Tyson Chandler being on the New York Knicks and his value as a center can bring forth many different opinions.
Some Knicks fans point to is incredible job of changing the culture in Dallas and being the second best player (sorry Jason Terry) on the only team to beat the Miami Heat in a playoff series in the “Big 3” era as evidence that he is a very valuable cog to a winning team.
Some Knicks fans will lament that signing him forced the team to amnesty Chauncey Billups, which leaves Amar’e Stoudemire’s contract on the books with no escape. And some other Knicks fans believe that he is a good defensive player who doesn’t bring too much offensively, citing his total lack of a low post game. Let’s find out his real impact on the team.
Despite a woeful second round of the playoffs for the Knicks, Chandler was at worst the second most valuable Knick this past season.
He was the team’s best defensive player, the second best offensive player, and at least from the outside appeared to be the team leader. This year Chandler was in the top 10 in a number of statistics. The most surprising ones, aside from is .207 win shares per 48 minutes, fourth in the league only behind LeBron James, Kevin Durant, and Chris Paul and also leading the team in the statistic for the second straight year, to some are the offensive statistics.
This season Chandler’s offensive rating (133) led the entire NBA. Obviously anyone who watches basketball knows that he isn’t the best offensive player in the league but it would be unwise to simply dismiss this statistic. Whether it is his incredibly efficient shooting (.671 True shooting percentage, also led the league), his offensive rebounding (14.1, third in the league), or is excellent pick-and-roll play Chandler really opens things up for offenses.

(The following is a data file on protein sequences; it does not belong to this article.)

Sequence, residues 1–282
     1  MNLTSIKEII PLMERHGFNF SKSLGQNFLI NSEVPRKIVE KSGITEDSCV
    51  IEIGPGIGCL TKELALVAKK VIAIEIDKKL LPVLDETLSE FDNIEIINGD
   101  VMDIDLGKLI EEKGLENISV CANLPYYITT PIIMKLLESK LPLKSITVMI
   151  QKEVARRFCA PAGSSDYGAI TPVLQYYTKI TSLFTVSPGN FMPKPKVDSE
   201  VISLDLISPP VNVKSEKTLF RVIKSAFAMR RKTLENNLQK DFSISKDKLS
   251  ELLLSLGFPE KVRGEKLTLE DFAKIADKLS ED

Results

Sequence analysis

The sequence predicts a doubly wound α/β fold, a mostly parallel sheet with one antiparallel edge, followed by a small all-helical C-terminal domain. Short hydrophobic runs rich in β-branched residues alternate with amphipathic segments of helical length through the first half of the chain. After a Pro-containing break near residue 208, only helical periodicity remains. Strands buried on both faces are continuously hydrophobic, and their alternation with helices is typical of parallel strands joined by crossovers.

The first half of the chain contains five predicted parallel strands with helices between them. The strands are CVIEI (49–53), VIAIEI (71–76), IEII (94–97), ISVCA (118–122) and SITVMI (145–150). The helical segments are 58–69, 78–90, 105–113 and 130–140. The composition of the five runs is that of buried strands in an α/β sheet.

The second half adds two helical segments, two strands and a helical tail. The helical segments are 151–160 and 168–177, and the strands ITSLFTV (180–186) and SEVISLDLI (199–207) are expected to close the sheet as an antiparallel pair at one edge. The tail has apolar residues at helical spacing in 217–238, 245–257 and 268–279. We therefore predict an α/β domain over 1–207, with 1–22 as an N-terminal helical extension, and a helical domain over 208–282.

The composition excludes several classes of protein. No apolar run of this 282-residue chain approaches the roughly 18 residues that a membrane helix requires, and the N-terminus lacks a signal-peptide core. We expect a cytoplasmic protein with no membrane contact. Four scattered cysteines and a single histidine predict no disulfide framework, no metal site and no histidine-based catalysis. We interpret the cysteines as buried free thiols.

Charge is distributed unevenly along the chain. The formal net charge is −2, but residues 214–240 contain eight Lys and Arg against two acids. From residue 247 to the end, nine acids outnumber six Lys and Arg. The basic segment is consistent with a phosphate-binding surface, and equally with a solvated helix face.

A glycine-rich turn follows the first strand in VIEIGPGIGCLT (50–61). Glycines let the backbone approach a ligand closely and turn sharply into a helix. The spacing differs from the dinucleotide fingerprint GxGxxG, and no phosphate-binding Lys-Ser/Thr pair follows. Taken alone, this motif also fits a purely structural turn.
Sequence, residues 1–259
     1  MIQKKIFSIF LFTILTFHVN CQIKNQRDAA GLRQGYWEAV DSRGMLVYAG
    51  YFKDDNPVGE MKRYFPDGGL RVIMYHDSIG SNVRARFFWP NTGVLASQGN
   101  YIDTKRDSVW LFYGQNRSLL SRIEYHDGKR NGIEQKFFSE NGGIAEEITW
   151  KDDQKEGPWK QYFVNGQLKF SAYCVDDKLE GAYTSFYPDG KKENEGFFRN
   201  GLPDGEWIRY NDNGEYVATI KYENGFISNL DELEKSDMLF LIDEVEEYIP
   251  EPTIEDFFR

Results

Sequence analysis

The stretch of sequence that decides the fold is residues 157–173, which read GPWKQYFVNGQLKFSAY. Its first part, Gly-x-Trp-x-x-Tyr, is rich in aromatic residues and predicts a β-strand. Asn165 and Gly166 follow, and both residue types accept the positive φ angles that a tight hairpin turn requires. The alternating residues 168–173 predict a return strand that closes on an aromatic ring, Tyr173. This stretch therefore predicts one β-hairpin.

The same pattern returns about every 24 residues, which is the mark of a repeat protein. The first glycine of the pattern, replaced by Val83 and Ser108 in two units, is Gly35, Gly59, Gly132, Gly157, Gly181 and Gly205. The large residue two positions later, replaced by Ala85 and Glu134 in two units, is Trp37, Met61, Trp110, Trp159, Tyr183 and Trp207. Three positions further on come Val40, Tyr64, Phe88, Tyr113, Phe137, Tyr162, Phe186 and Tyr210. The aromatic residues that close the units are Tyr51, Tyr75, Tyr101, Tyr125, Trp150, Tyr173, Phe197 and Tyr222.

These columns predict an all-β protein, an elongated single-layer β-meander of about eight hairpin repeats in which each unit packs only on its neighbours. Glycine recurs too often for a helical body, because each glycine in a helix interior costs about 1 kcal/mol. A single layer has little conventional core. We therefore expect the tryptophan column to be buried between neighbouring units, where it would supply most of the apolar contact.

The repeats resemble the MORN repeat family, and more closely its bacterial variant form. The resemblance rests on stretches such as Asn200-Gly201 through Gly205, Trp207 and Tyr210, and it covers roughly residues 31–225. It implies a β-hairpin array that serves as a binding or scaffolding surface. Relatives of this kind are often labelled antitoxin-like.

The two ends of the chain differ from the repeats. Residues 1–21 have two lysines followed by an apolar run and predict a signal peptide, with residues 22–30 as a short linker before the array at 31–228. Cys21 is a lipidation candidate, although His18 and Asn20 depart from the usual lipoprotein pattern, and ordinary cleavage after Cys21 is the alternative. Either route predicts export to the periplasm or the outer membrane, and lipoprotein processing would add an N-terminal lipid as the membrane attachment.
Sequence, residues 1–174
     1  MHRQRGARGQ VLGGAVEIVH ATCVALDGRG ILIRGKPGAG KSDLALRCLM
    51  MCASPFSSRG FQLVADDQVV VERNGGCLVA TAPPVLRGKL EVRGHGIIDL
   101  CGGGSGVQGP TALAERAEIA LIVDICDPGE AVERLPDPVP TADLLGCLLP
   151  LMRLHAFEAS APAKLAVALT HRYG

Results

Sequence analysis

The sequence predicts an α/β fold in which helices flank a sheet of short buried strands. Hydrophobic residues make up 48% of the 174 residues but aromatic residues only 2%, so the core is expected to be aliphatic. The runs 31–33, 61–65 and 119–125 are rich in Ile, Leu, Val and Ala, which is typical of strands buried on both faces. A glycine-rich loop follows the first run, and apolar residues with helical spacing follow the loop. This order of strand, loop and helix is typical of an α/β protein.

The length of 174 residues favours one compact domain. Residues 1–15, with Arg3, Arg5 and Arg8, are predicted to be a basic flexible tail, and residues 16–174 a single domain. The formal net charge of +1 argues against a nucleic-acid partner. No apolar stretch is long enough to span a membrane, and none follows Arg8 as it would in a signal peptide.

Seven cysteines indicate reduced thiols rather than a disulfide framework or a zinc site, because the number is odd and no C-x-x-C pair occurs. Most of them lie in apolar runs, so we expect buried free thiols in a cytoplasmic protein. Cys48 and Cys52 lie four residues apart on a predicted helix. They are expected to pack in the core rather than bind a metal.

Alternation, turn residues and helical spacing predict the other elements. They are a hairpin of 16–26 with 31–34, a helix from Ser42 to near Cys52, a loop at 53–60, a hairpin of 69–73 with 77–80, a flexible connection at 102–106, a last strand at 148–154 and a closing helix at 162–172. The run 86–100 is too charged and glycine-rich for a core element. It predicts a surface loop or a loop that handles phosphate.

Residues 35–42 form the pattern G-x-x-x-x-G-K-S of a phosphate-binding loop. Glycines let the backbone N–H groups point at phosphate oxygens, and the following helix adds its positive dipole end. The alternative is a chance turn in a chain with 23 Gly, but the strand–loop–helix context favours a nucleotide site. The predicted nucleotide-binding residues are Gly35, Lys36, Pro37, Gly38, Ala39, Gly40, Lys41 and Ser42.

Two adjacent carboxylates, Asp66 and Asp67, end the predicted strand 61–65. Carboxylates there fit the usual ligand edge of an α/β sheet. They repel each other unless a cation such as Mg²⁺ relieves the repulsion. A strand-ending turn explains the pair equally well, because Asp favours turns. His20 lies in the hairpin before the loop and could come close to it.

In fact the Knicks lineup of Raymond Felton, Jason Kidd, J.R. Smith, Carmelo Anthony, and Chandler ranked sixth in the NBA of all 158 lineups that have played at least 100 minutes together with an offensive rating of 119.3. Considering that for much of the year Felton, Kidd, and Smith were erratic offensively (and just not very good defensively) the burden of creating points fell more so on Chandler and Anthony.
No, Chandler does not have the low post game of Tim Duncan or even Roy Hibbert but scoring is just one part of offense. As stated before his offensive rebounding (often via tipping the ball out to a teammate) and ability to suck the defense in on pick-and-rolls (38 percent of his shots were dunks and his efg was 1.000% on those shots) make him a real force offensively even with his limited touches.
But Chandler is better known for his defensive prowess.
Chandler won DPOY last year and was lauded by many NBA analysts for essentially having to guard all five positions. Stuck with subpar defenders for both of the last two years, Chandler is the defensive anchor who must keep the team from essentially giving up points at will.
The Knicks overall defense was not very good this year, sporting a defensive rating of 106.3, 18th in the league. When looking at the player’s individual defensive ratings on the team, only one (Kidd with 103) had a lower rating than Chandler’s 104. Anthony, Iman Shumpert, Felton, and Smith all had ratings between 106-108. During the regular season the Knicks didn’t see much of a dip in defensive rating when Chandler left the floor (though one has to wonder how almost always sitting against the second unit affects this) but saw an eight point rise (95 to 103) in the statistic when he left the floor in the playoffs, this even against the offensively challenged Celtics and Pacers.
Overall Chandler these past two years has been of immense value to the Knicks and it would be very difficult to imagine many other centers being able to help bring the success the Knicks have had over the past two years. Is Chandler Dwight Howard? No, he’s not but you’d be hard pressed to find many other centers that can both lead a defense and greatly impact an offense without demanding the ball on too many possessions.